On June 3, when the long-anticipated court-martial of Army Pfc. Bradley Manning begins in Fort Meade, Md., journalists will crowd the courtroom. But at some point the press and the public likely will be ordered out while confidential testimony--including from State Department officials and active military personnel-- is heard. If the pre-trial proceedings are any indication, the press will also be denied access to written submissions deemed sensitive.
Precisely how much of the Manning trial will be hidden from public view will be decided by the judge in the case, Col. Denise Lind, and is the subject of legal wrangling, including Freedom of Information requests and an amicus brief protesting restrictions and signed by more than 30 media organizations. While the case is undoubtedly sensitive, the U.S. government has a credibility problem when it comes to classification. For example, after WikiLeaks released hundreds of thousands of U.S. diplomatic cables, thus making them available to anyone around the world with an Internet connection, the U.S. government took the absurd view that the documents remained classified and warned unauthorized government employees not to access them, even on home computers.
The possibility that portions of the Manning trial will take place in secret is all the more troubling because the trial will touch on issues of grave concern to U.S. journalists--in particular, whether the act of releasing classified documents to the public violates the 1917 Espionage Act and is tantamount to "aiding the enemy," a crime under the Uniform Code of Military Justice. The Espionage Act, under which civilians but not (so far) journalists have been prosecuted, makes it a crime to "communicate" information, but the word "publish" was deliberately omitted from the statute by Congress, according to the legislative history.
The novel view of the military prosecutors is that when Manning sent classified material to WikiLeaks using that site's secure dropbox, he knew that Al-Qaeda would eventually see the information. The fact that some of the material published by WikiLeaks was found on Osama Bin Laden's personal laptop is expected to be a key argument. Manning pleaded guilty in February to leaking classified information, a crime for which he could be sentenced to up to 20 years in prison. But prosecutors are continuing to pursue more serious charges, including violations of the Espionage Act. They have said that they are seeking life imprisonment rather than the death penalty.
As Floyd Abrams and Yochai Benkler noted in a March 13 op-ed in The New York Times, a successful prosecution in the Manning case could deter future journalistic sources, particularly those in the military who, like Manning, are subject to prosecution under the Uniform Code of Military Justice. The military prosecutors seek to convict Manning for "knowingly giv[ing] intelligence to the enemy" solely on the ground that he disregarded the risk that an enemy might access the same information widely available to the public.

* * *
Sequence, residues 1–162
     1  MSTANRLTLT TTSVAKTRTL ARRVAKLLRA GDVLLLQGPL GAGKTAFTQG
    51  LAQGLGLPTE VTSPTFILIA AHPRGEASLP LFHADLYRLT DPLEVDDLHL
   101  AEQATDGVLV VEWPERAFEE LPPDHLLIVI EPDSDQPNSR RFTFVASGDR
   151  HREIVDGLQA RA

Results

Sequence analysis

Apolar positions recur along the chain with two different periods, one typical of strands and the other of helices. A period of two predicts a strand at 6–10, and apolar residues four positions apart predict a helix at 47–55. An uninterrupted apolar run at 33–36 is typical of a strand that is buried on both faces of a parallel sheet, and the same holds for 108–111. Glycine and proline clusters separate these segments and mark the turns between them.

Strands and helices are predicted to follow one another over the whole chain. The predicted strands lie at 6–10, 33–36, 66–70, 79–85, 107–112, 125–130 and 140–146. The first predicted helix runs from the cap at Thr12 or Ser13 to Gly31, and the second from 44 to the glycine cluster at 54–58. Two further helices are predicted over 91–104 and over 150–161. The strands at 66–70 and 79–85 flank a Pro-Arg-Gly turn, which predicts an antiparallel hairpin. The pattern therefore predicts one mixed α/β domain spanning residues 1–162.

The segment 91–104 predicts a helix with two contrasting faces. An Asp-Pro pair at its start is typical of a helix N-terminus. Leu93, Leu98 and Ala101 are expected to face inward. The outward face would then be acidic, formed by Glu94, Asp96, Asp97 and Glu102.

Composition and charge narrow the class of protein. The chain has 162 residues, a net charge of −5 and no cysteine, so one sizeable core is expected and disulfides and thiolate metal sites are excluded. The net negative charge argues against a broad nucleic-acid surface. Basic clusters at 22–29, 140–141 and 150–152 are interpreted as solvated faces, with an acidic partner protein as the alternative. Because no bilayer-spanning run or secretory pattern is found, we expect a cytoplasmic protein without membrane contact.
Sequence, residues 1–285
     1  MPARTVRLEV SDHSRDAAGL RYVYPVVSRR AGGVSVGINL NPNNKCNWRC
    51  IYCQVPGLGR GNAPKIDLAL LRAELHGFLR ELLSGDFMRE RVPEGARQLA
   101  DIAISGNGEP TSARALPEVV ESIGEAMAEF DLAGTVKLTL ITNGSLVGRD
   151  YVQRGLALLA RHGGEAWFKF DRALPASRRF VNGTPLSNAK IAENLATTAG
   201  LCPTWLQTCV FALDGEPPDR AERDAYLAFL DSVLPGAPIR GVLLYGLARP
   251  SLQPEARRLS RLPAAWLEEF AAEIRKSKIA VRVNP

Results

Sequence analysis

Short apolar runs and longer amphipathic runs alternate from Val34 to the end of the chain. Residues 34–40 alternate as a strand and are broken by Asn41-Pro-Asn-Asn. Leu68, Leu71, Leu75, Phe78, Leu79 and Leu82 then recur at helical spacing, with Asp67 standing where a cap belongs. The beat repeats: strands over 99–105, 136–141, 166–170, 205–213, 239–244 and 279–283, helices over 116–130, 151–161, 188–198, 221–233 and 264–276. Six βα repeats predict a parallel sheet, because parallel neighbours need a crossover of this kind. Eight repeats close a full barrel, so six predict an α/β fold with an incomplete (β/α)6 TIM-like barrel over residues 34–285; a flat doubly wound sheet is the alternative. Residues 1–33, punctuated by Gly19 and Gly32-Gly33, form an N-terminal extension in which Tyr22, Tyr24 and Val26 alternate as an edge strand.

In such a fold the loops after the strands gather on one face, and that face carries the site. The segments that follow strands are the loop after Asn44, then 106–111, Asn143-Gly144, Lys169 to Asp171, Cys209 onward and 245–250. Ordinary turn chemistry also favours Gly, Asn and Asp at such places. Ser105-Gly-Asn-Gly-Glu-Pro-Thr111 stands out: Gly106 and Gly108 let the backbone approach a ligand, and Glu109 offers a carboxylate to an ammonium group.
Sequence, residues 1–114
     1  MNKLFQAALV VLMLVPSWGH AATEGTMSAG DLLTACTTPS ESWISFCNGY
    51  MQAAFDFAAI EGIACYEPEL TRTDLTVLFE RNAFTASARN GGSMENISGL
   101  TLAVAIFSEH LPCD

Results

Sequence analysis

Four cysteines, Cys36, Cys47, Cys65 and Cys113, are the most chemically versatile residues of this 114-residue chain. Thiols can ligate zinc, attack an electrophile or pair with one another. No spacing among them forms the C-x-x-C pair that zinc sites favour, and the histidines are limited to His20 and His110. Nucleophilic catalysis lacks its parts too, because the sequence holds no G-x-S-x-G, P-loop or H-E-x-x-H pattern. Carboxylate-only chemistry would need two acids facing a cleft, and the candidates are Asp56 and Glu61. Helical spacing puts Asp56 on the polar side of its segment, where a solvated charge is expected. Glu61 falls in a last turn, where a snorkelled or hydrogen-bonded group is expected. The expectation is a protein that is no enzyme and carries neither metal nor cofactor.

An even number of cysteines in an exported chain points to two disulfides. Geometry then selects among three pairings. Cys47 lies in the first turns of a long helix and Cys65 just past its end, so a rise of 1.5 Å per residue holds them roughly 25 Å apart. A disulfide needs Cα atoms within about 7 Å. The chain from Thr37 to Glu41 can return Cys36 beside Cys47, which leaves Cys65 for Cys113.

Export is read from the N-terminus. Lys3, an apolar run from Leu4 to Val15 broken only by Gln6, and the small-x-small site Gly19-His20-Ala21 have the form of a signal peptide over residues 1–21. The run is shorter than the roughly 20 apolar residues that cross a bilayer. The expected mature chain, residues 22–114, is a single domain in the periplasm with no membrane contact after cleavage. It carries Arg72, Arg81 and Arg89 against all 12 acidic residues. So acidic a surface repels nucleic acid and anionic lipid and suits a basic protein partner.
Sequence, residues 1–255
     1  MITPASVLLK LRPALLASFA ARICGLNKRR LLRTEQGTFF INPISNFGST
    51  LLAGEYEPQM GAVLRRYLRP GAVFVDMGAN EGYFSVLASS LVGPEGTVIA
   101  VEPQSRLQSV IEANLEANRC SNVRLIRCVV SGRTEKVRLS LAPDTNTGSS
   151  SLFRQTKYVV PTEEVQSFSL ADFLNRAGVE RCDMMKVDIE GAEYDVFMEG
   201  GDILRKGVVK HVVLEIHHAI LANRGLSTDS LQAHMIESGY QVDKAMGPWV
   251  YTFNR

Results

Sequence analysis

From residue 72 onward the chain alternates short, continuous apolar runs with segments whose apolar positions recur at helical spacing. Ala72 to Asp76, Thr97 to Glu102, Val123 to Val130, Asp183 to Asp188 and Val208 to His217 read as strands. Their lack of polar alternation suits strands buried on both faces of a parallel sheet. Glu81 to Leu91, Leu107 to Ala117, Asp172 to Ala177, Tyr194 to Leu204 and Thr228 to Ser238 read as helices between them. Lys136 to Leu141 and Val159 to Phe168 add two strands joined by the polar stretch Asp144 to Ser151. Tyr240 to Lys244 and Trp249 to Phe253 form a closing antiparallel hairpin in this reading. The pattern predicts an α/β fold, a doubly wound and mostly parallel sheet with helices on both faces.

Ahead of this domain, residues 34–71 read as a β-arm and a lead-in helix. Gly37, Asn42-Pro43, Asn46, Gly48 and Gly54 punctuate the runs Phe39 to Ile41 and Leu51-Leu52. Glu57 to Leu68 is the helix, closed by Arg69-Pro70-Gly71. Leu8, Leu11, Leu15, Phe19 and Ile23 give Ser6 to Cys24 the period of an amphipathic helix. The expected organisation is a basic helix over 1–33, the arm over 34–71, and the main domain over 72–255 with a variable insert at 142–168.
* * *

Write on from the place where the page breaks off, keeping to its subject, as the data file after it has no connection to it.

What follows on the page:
In his statement to the court in February, Manning said that he initially sought to publicize classified after-battle reports from Afghanistan and Iraq through the traditional media, and contacted both The Washington Post and The New York Times. (This claim was viewed with skepticism by former New York Times Executive Editor Bill Keller.) By Manning's account, it was only when he did not hear back from either paper that he sent the documents to WikiLeaks. While traditional journalists and WikiLleaks treat classified material very differently, they are both in the business of making information available to the public. The prosecutor in the Manning case acknowledged to the judge that he would be seeking the same charges if Manning had leaked the information to The New York Times. In other words, under the prosecution's legal theory, a source that provides classified information to the media could, potentially, face the death penalty. That would be the ultimate chilling effect.
There is another reason journalists should be concerned about the Manning prosecution, according to CPJ board member James Goodale, author of a new book, Fighting for the Press: The Inside Story of the Pentagon Papers and Other Battles. Goodale's view is that a Manning conviction would make it easier for the U.S Department of Justice to prosecute WikiLeaks founder Julian Assange in a civilian court under the Espionage Act. If Manning has already been found guilty of violating the act, then all the government has to do is prove that Assange conspired with Manning. In December 2010, CPJ wrote to President Barack Obama and Attorney General Eric Holder opposing any effort to prosecute Assange for conspiracy under the Espionage Act because a successful prosecution of Assange would effectively open the door for the potential prosecution of journalists in the United States, and around the world, for doing their job in gathering information about the U.S. government which may be classified.
With this much at stake, journalists and the public should be paying close attention to the Manning trial. The U.S. government has an obligation to ensure that excessive secrecy and over-classification do not impede media coverage and full public airing of the vital issues being decided. In considering government requests to close portions of the trial, Col. Lind should take into account the overwhelming global public interest in ensuring that Manning's trial is open and the proceedings transparent.